Dan Cross

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Dan Cross
Personal information
Born (1973-08-16) August 16, 1973 (age 43)
Chicago, Illinois
Nationality American
Listed height 6 ft 3 in (1.91 m)
Listed weight 193 lb (88 kg)
Career information
High school Carbondale Community
(Carbondale, Illinois)
College Florida (1991–1995)
NBA draft 1995 / Undrafted
Playing career 1995–2006
Position Guard
Number 12
Career history
1997 Serapide Pozzuoli (Italy)
1997 Sioux Falls Skyforce (CBA)
1997–1998 Connecticut Pride (CBA)
1998–1999 Papagou (Greece)
2000–2001 Connecticut Pride (CBA)
2001 Lakeland Blue Ducks (USBL)
2003 Honka Espoo (Finland)
2004–2005 Keravnos Strovolou (Cyprus)
2005–2006 Hapoel Tel Aviv (Israel)
Career highlights and awards

Daniel Curtis Cross, Jr. (born August 16, 1973) is an American former basketball player. Cross played college basketball for the Florida Gators men's basketball team of the University of Florida, where he was key member of the Gators' run to the 1994 NCAA Final Four. After college, Cross played professionally in several countries, including a stint in Italy's Serie A.

Cross was born in Chicago, Illinois, and grew up in Carbondale, Illinois. He is the oldest of the five children of Daniel Cross, Sr. and Lillian Cross. He attended Carbondale Community High School, where he played for the Carbondale Terriers high school basketball team, and led the Terriers to the state championship game.

Cross accepted an athletic scholarship to attend the University of Florida in Gainesville, Florida, where he played for coach Lon Kruger's Florida Gators men's basketball team from 1991 to 1995.[1] Cross shared time with upperclassmen at the point guard position during his freshman and sophomore seasons, starting 20 games in 1991–92, and twelve of the last fourteen in 1992–93; he became a consistent starter at the outset of his 1993–94 junior year.[2] Memorably, he led the team with 20 points in their 59–57 upset of the No. 7 Kentucky Wildcats,[3] and he scored 24 points (including six 3-pointers) in the Gators' 88–64 victory over the South Carolina Gamecocks in 1994.[4] Cross was a key performer and team leader, emotionally and statistically, in the Gators' run to their first-ever NCAA Final Four in 1994. In the 1994 NCAA Tournament first-round game, Cross drove the lane to make a high-arcing layup with seven seconds left to defeat the James Madison Dukes 64–62, so that the Gators could advance.[5] Paced by Cross, center Andrew DeClercq, and fellow guard Craig Brown, the Gators then dispatched the Penn Quakers (70–58), the Connecticut Huskies (69–60, OT), and the Boston College Eagles (74–68), before falling to the Duke Blue Devils 70–65 in the hard-fought NCAA national semifinal game.[1]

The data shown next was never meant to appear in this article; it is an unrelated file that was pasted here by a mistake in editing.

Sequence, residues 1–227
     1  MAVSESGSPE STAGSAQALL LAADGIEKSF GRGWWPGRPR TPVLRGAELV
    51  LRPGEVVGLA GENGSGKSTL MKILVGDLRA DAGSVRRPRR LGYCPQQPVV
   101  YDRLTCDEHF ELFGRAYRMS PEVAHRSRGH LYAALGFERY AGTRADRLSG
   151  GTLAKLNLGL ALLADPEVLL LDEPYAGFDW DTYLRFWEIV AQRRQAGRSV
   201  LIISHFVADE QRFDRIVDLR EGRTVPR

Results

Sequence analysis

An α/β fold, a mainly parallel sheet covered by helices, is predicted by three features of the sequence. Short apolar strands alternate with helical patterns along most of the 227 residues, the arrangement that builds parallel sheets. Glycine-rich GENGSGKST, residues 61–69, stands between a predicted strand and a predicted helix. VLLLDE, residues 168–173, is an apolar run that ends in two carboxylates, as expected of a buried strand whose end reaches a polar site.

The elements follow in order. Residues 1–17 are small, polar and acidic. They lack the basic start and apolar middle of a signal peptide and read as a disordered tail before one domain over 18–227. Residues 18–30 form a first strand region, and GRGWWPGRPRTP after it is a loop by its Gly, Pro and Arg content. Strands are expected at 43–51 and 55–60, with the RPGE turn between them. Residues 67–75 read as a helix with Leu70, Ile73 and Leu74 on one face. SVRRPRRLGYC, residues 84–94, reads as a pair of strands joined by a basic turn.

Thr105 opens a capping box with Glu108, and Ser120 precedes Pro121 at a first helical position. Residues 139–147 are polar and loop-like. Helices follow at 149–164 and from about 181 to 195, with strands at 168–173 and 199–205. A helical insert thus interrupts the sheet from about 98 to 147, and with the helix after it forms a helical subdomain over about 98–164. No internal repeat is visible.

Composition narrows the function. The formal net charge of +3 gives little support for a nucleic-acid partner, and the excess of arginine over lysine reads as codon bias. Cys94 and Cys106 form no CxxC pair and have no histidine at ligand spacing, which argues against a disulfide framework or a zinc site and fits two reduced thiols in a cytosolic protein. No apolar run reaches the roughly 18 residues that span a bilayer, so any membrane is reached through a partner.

Cross had a 27-point scoring performance while leading the Gators' 81–70 victory over the No. 21 Wake Forest Demon Deacons at the outset of the 1994–95 season.[6] He was the Gators' leading scorer in 1993–94 (15.7 points per game) and again in 1994–95 (18.0 points per game), and led the Southeastern Conference (SEC) in free throw completion percentage in 1995 (.843, 150–178).[1] He was a two-time first-team All-SEC selection (1994, 1995), received Associated Press honorable mention All-American honors twice (1994, 1995), and was a senior team captain (1995).[1]

Cross returned to the University of Florida to complete his bachelor's degree in telecommunications in 2000, and was inducted into the University of Florida Athletic Hall of Fame as a "Gator Great" in 2006.[7] In 2008, he was honored as one of the "Legends of SEC Basketball."

After concluding his college career, Cross played professionally for several top-tier teams in Europe and developmental leagues in the United States, including Serapide Pozzuoli of Italy's Lega Basket Serie A, the Sioux Falls Skyforce and Connecticut Pride of the Continental Basketball Association (CBA), Espoon Honka of Finland's Korisliiga, and Hapoel Tel Aviv in Israel.

Cross now runs annual basketball camps in Carbondale, Gainesville and Orlando, as well as managing an organization called "Athlete Connections" that counsels former college athletes on transitioning from college to life after sports.

See also[edit]

References[edit]

  1. ^ a b c d Florida Men's Basketball 2013–2014 Media Guide, University Athletic Association, Gainesville, Florida, pp. 69, 72, 74, 75, 76, 79, 80, 83, 84, 85, 86, 91, 106, 110, 130, 132, 133, 146, 153, 160, 161, 162, 163, 164, 165, 168 (2013). Retrieved August 15, 2014.
  2. ^ Mike Dame, "Gators Point Guard Starting To Take Charge," Orlando Sentinel (December 18, 1993). Retrieved August 22, 2014
  3. ^ Associated Press, "Gators eat up No. 7 wildcats; UMass falls," Kokomo Tribune, p. 17 (January 19, 1994). Retrieved August 20, 2014.
  4. ^ Associated Press, "Cross, Florida bomb Gamecocks, 88–64," The Index-Journal, p. 2D (February 20, 1994). Retrieved August 20, 2014.
  5. ^ Dick Jerardi, "Gators Say See Ya Later To Driesell," The Philadelphia Inquirer (March 18, 1994). Retrieved August 15, 2014.
  6. ^ Robes Patton, "Gators' Cross Paces Victory," Orlando Sentinel (December 4, 1994). Retrieved August 22, 2014.
  7. ^ F Club, Hall of Fame, Gator Greats. Retrieved December 13, 2014.

External links[edit]